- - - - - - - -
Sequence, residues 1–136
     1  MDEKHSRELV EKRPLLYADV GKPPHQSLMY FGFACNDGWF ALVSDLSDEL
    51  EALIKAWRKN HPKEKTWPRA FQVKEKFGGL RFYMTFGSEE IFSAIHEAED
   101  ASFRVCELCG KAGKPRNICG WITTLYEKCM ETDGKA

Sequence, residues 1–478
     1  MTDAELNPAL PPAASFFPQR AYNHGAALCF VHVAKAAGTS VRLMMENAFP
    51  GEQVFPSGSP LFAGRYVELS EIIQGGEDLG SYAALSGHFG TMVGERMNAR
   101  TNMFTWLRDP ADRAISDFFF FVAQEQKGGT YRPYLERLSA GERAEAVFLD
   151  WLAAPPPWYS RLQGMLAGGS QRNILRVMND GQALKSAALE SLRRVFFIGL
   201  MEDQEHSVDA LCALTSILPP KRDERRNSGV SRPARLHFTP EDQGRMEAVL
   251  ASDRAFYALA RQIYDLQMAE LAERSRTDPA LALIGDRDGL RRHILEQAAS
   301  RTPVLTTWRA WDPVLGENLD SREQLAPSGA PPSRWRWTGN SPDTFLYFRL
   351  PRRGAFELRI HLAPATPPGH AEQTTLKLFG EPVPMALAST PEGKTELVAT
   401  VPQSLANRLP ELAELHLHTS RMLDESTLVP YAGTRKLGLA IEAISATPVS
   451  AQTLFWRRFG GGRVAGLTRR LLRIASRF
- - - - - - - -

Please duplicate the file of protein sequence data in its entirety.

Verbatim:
Sequence, residues 1–136
     1  MDEKHSRELV EKRPLLYADV GKPPHQSLMY FGFACNDGWF ALVSDLSDEL
    51  EALIKAWRKN HPKEKTWPRA FQVKEKFGGL RFYMTFGSEE IFSAIHEAED
   101  ASFRVCELCG KAGKPRNICG WITTLYEKCM ETDGKA

Sequence, residues 1–478
     1  MTDAELNPAL PPAASFFPQR AYNHGAALCF VHVAKAAGTS VRLMMENAFP
    51  GEQVFPSGSP LFAGRYVELS EIIQGGEDLG SYAALSGHFG TMVGERMNAR
   101  TNMFTWLRDP ADRAISDFFF FVAQEQKGGT YRPYLERLSA GERAEAVFLD
   151  WLAAPPPWYS RLQGMLAGGS QRNILRVMND GQALKSAALE SLRRVFFIGL
   201  MEDQEHSVDA LCALTSILPP KRDERRNSGV SRPARLHFTP EDQGRMEAVL
   251  ASDRAFYALA RQIYDLQMAE LAERSRTDPA LALIGDRDGL RRHILEQAAS
   301  RTPVLTTWRA WDPVLGENLD SREQLAPSGA PPSRWRWTGN SPDTFLYFRL
   351  PRRGAFELRI HLAPATPPGH AEQTTLKLFG EPVPMALAST PEGKTELVAT
   401  VPQSLANRLP ELAELHLHTS RMLDESTLVP YAGTRKLGLA IEAISATPVS
   451  AQTLFWRRFG GGRVAGLTRR LLRIASRF